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Marble Collecting


By Violet Bramer Smith, November, 1941



For a number o years I have followed many hobbies.  However, collecting marbles had not entered my head until we became interested in marbles at school.  We made a study of old marbles, marble playing, and of marbles used in today’s games.  We prepared a marble collection.  This is the result of our findings.

We assembled a collection of marbles used long ago and marbles used in today’s games.  The modern marbles we classified as to colors, kinds, and size.  The old marbles that we found were agates, crockery, glass, and “common” ones.


Common Marbles

Common or “commies” were made of common clay.  They were painted, and sold ten or fifteen for one cent.  “Commies” are still used and we found a store that still sold them ten for one cent.  Sometimes “commies” were called “combones.”


Crockery Ones

We talked about how “crockies” were made.  We had 14 crockies in our collection.  The smallest was on-half inch in diameter.  Most of them had a brown or blue glaze.  A three-fourths inch one, was white with blue and green stripes.


Glass Marbles

There were two kinds of old “glassies”- Swirls and “onions.”  We classified the clear glass with the colored swirls in the middle as swirls.  The smallest one was less than one-half inch in diameter, the largest on two and one-fourth inches in diameter.  The large one was found by the W.P. A. digging in a river channel.  It was badly nicked and scratched.  I don’t know if this was from use or the action of the soil.  All swirls except one were made of clear glass.  This one had a green tint.  Out of twenty-five swirls there were only two that had duplicate designs.  Some were in perfect condition.  Others had seen a lot of playing.


Those glassies that were of opaque color and had lines in swirl on the outside rather than in the middle, we classified as onions.  We had two green onions, two black ones, one blue, and on red, white and blue.  The two black ones we guessed were much older than the others as they were not ture in shape or design.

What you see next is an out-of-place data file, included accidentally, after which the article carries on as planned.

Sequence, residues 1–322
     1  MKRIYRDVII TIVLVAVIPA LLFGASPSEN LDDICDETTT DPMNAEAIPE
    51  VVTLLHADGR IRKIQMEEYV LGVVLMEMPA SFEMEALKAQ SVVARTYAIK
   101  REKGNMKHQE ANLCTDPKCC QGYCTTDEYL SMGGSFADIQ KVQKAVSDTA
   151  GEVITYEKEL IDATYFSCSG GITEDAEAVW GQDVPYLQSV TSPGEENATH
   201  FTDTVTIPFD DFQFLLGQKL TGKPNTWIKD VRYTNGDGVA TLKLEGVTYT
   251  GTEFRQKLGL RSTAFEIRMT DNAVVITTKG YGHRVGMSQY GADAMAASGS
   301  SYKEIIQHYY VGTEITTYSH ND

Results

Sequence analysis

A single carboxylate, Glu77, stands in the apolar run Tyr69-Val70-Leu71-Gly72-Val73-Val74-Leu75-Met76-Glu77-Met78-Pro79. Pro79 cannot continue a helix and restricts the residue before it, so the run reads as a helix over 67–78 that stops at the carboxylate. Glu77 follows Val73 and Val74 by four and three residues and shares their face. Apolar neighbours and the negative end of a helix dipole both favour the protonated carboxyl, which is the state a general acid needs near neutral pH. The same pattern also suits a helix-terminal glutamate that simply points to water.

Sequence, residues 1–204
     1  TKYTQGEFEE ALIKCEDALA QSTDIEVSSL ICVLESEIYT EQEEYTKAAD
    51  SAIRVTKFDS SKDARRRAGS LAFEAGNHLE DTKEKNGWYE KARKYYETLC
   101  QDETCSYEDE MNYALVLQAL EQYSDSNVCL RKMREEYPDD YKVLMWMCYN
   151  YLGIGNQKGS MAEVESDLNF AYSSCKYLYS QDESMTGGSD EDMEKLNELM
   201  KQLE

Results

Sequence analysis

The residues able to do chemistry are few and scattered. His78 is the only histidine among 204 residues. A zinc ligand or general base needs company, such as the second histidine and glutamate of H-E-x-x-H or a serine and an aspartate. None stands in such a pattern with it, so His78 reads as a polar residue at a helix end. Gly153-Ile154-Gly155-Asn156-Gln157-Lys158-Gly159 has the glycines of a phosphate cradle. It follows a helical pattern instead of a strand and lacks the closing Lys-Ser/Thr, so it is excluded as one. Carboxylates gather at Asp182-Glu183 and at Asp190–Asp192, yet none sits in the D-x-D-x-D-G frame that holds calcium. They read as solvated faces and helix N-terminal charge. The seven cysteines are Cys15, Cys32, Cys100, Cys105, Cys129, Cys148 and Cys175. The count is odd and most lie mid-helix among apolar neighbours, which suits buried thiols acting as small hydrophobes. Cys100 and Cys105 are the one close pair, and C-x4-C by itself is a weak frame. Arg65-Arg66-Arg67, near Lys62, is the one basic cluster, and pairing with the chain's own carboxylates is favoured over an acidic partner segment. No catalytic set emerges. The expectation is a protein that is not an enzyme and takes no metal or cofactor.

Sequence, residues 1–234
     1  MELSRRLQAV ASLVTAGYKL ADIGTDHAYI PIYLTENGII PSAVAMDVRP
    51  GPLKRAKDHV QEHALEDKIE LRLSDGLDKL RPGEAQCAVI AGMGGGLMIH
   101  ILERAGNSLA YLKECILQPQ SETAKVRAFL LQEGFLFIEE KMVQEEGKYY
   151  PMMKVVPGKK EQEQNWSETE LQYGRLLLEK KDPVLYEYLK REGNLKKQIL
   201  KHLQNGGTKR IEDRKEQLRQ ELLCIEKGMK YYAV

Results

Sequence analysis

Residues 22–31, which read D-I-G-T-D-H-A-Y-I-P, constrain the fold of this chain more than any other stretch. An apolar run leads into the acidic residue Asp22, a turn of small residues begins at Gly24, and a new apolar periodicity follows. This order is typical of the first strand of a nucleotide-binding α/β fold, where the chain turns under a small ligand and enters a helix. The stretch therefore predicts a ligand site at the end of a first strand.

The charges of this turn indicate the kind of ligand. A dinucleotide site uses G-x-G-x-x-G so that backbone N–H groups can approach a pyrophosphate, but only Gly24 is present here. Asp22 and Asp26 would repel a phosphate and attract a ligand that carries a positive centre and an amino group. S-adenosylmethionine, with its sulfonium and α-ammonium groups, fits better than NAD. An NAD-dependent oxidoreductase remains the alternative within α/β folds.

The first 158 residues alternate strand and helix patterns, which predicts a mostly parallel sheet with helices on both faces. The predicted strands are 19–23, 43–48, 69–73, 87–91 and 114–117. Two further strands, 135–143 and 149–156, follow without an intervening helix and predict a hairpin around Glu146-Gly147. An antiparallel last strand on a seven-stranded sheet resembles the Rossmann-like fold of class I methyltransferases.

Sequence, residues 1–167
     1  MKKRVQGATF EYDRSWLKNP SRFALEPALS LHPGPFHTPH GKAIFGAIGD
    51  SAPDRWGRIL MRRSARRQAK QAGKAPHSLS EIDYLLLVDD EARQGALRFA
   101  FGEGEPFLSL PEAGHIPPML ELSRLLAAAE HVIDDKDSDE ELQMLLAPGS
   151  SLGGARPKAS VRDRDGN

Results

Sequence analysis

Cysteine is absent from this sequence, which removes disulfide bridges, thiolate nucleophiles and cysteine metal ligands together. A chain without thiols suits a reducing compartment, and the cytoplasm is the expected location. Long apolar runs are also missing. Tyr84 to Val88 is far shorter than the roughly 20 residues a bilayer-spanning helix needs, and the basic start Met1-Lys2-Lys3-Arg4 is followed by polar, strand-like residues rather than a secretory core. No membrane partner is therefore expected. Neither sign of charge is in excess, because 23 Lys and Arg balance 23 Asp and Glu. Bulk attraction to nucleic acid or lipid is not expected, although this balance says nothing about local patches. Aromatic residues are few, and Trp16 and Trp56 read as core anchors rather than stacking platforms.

We had ones that we called a novelty marbles.  It was one and one-half inches in diameter, and had a dog in the middle.  We heard about marbles with bears, eagles, and goats in the middle.



The agates were the hardest ones to find.  Most boys did not know what an agate looked like. Some of the Dads had treasured agates at home.  Some were not willing to loan them.  Finally we collected fourteen agates but only two were really good.  The others were either chipped or poorly ground.  The largest was seven-eighths, the smallest one-half inch.  The rest varied in size.  We did not get any “mossies” or “cannicks.”  We had one that was made of stone.  However, some people with whom we talked said that it was not a carnelian.

We learned from the encyclopedia that most agates were made in Saxony, Germany.  The stones wee cut into one-inch blocks.  These were ground between two stones.  The bottom one was of stone with grooves in it.  It was stationary.  The top one was made of oak.  It went round and round.  The grinding took place with water running between the blocks.  Two hundred marbles were ground at one time.  It took fifteen minutes to grind them.


Although we went into the subject in a limited way only, we discovered many interesting angles in marbles and the game with which they are played.  Here is a field for collectors, which with a few exceptions, is practically undeveloped.  There should be some pleasant rewards to those who engage in collecting marbles.

I have high resolution images of this article that has advertising in it.  If you would like copies please e-mail me.

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